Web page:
BEIJING – China will halve tariffs on some $75 billion (¥8.24 trillion) of imports from the U.S. later this month, reciprocating a U.S. action and likely satisfying part of their interim trade deal.
The cut will be effective from 1:01 p.m. on Feb. 14, China Standard Time, the Ministry of Finance said in a statement Thursday, the same time as the U.S. will implement reductions in tariffs on Chinese products. Chinese punitive tariffs on U.S. goods from Sept. 1 last year will be lowered, with the rate on some dropping to 5 percent from 10 percent and the others to 2.5 percent from 5 percent.
Both nations said they would cut tariffs on the others’ goods as part of the “phase one” deal that was signed last month. The world’s two biggest economies paused their trade war in January, although even with these changes tariffs will remain in effect on large parts of bilateral trade and there are numerous other points of friction in the relationship.
Other retaliatory tariffs China has imposed on U.S. goods will remain, according to the statement. In the meantime, China will continue processing applications for tariff exemptions, it said.
Under the deal, China agreed to increase its imports from the U.S., including agricultural products and services, from 2017 levels by no less than $200 billion over the next two years.
Some analysts said after the trade deal was struck that China may need to roll back some tariffs on U.S. goods such as soybeans and crude oil in order to meet its purchasing commitments.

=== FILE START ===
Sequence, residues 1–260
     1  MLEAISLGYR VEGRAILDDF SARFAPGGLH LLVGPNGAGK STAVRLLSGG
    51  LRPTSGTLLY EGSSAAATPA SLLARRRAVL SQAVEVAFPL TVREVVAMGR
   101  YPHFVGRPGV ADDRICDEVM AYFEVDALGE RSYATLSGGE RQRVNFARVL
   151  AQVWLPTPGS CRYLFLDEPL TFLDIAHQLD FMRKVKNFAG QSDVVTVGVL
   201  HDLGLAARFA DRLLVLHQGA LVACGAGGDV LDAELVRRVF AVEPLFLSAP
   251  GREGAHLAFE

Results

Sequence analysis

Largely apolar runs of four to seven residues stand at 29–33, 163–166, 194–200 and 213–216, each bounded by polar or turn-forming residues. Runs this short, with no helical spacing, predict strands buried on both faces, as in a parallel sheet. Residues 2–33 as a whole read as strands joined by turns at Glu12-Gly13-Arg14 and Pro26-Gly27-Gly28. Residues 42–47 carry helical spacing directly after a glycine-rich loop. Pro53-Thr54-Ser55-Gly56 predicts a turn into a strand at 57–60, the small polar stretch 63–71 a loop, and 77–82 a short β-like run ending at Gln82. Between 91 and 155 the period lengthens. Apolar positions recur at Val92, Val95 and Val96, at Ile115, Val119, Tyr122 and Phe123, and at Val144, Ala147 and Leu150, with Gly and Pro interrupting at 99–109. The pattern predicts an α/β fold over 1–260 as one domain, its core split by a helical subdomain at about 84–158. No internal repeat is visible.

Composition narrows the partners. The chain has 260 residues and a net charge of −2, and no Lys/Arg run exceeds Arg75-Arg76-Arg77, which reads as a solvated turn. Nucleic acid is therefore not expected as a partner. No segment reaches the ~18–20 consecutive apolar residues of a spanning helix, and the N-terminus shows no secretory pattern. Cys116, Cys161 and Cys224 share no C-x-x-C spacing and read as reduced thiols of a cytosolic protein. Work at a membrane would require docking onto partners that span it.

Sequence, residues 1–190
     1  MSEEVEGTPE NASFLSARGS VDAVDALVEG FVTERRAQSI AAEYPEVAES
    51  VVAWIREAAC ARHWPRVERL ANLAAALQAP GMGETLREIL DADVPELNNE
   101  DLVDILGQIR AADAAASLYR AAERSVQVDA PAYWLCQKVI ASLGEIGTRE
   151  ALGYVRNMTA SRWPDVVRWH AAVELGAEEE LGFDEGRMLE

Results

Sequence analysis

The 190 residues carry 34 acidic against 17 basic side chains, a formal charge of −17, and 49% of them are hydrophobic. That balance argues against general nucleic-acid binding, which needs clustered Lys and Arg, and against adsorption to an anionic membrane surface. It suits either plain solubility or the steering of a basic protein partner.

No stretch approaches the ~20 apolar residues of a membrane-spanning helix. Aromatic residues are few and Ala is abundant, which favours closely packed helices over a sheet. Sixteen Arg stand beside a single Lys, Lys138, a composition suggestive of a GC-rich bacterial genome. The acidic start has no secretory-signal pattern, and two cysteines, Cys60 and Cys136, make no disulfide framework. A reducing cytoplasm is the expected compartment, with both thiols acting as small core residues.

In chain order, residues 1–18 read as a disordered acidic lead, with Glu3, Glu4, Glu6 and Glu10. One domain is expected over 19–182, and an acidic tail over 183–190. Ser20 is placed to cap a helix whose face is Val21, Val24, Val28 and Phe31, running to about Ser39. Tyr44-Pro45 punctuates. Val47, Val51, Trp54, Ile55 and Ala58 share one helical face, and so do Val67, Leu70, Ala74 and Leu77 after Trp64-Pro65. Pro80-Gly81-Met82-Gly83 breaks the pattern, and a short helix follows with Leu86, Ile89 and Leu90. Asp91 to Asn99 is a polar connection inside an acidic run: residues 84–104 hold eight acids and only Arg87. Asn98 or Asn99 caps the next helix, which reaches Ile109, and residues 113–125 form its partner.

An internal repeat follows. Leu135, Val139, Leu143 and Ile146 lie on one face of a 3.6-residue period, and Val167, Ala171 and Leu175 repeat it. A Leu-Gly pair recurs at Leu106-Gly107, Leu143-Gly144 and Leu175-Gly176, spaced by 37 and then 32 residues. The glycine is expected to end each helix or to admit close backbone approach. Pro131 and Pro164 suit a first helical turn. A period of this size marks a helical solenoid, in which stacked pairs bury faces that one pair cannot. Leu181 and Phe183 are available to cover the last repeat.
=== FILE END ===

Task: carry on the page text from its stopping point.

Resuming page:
China is set to release January trade data on Friday, providing a first glimpse of its imports this year from the U.S.
Economists estimate that overall trade in January was likely to have contracted due to the Lunar New Year holiday, while the outbreak of the new coronavirus is casting a cloud over the outlook for coming months.
After the reduction, retaliatory tariffs on American crude oil will be lowered to 2.5 percent from 5 percent. Punitive tariffs on soybeans will go down to 27.5 percent from 30 percent, and to 30 percent from 35 percent for pork, beef and chicken. These rates are higher as these goods were also hit with tariffs in 2018, which will remain in place.
“China hopes that both sides can comply with and implement the agreement to enhance market confidence, promote development of bilateral economic ties and facilitate global economic growth,” according to the Ministry of Finance statement.
The news was positive for financial markets, and comes as Beijing seeks to shore up investor and business confidence in China as the virus outbreak casts deep uncertainty over its economic outlook.
After the announcement, the yuan hit its highest in two weeks, while Asian stocks and Wall Street futures also rallied.
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